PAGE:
Again thanks to Section 5, the plan was blocked by a federal court. And again, the change was found to have deliberately discriminated against minority voters, by reducing their ability to elect a candidate of their choice.
With the plan blocked, Davis narrowly won re-election under the old district lines last year. But she’s up for re-election again in 2014, and if the GOP redistricting plan goes into effect as Texas hopes, she’ll face a far tougher re-election fight this time.
Voting-rights advocates say Texas may be over-confident in suggesting that the ID law and the redistricting plan are now back in business. Nina Perales, the top lawyer for the Mexican-American Legal Defense and Education Fund, which fought both measures in court, told reporters Tuesday that both may run afoul of other parts of the Voting Rights Act that are still standing.
Still, those working to protect voting rights concede that, in general, recent measures blocked by Section 5 now stand far more chance of going into effect. The court’s ruling, they fear, could apply retroactively to some changes already stopped.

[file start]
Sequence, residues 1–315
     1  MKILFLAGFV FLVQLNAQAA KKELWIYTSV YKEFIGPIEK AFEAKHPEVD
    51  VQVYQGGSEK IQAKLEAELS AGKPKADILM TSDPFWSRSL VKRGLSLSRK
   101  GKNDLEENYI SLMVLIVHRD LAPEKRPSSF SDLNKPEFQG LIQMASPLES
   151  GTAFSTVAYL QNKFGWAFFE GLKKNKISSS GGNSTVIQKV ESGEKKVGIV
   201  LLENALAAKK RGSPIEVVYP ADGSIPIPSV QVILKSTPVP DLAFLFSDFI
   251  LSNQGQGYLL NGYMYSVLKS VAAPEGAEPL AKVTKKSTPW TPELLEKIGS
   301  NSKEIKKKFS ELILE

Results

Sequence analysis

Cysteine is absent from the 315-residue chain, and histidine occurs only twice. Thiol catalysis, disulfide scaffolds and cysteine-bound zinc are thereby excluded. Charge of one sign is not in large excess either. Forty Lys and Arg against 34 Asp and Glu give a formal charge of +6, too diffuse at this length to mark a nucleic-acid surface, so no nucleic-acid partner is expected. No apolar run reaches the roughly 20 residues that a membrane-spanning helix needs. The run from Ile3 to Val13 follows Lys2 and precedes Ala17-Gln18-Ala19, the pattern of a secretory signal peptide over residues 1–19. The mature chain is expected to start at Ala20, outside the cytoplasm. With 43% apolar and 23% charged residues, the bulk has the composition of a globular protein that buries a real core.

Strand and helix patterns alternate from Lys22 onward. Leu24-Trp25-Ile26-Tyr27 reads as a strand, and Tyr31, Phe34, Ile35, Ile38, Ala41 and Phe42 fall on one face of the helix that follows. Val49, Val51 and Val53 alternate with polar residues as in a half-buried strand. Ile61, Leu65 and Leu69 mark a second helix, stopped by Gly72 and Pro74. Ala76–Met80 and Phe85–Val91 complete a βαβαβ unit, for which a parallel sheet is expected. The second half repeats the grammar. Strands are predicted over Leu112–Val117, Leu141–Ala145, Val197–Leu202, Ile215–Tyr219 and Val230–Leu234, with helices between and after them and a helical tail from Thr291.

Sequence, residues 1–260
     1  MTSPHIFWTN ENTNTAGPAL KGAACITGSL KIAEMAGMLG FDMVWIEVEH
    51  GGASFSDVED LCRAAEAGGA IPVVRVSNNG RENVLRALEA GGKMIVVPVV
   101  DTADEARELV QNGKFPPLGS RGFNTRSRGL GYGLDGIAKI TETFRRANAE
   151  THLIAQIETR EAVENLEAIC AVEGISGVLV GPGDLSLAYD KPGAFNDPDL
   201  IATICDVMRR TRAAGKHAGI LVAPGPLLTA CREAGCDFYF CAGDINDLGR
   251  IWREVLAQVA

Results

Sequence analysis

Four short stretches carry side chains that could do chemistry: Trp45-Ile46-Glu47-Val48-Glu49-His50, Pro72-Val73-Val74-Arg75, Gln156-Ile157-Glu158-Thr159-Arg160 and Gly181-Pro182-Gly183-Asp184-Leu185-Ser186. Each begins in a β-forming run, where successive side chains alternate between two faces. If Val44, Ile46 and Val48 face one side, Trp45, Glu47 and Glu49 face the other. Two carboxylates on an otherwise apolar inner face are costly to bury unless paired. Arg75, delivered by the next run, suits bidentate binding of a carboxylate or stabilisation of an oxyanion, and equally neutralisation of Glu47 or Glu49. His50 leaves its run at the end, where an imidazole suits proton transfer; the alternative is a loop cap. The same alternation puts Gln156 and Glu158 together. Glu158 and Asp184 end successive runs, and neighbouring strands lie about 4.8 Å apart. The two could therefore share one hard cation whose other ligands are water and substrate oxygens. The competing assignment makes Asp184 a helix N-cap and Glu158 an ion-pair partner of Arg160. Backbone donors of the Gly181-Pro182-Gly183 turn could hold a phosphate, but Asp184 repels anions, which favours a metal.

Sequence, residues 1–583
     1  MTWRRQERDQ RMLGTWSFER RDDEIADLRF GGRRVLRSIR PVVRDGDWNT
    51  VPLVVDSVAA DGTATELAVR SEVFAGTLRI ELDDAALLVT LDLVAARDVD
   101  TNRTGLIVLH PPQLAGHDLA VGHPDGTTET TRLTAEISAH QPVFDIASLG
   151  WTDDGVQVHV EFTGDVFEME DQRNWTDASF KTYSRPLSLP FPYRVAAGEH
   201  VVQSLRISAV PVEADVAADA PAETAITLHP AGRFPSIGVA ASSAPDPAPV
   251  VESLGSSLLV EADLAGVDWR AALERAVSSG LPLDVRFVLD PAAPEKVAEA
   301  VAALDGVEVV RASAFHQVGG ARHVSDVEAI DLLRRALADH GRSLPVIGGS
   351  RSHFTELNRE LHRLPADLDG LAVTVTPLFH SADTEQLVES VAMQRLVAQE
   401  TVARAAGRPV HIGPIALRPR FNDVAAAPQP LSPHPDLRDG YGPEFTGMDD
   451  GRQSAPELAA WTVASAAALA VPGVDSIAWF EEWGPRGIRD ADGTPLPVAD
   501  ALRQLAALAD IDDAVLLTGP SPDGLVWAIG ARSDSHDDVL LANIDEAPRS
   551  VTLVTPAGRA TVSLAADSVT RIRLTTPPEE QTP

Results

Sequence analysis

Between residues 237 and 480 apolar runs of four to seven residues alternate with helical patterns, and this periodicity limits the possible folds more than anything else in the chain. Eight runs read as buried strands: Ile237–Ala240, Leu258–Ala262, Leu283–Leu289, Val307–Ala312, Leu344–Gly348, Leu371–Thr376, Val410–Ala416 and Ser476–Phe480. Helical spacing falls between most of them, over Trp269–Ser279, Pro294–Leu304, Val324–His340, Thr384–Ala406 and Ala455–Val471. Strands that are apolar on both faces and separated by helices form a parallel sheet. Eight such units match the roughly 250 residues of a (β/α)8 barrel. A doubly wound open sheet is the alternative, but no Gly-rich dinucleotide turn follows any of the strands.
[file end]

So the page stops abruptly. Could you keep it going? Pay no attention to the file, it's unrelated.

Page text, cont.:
“I think jurisdictions can certainly make the argument that since the coverage formula was unconstitutional, those objections were unconstitutional,” Laughlin McDonald of the ACLU acknowledged to reporters Tuesday, referring to the process by which the Justice Department and the courts blocked election changes.
McDonald said that’s also true of voting changes that are currently waiting for approval from the courts or the Justice Department. “There’d be a very strong argument that they could go into effect, because Section 5 no longer applies,” McDonald said.
South Carolina, whose strict voter ID law was softened thanks to concerns over its ability to pass muster under Section 5, cheered the Supreme Court’s ruling. “Today’s decision means the voting rights of all citizens will continue to be protected under the Voting Rights Act without requiring a different formula for states wishing to implement reasonable election reforms, such as voter ID laws similar to South Carolina’s,” Attorney General Alan Wilson said in a statement.
Without Section 5, the Voting Rights Act still blocks deliberate racial discrimination in voting, through Section 2, which stands. But Section 2 is a far weaker tool than Section 5, because it puts the burden of proof on the victim, requiring them to bring lengthy and costly litigation, and because it doesn’t require jurisdictions to have changes “pre-cleared,” automatically bringing them to the attention of the Justice Department. That means that many local election changes will likely fly under the radar of the federal government or voting rights groups who might challenge them.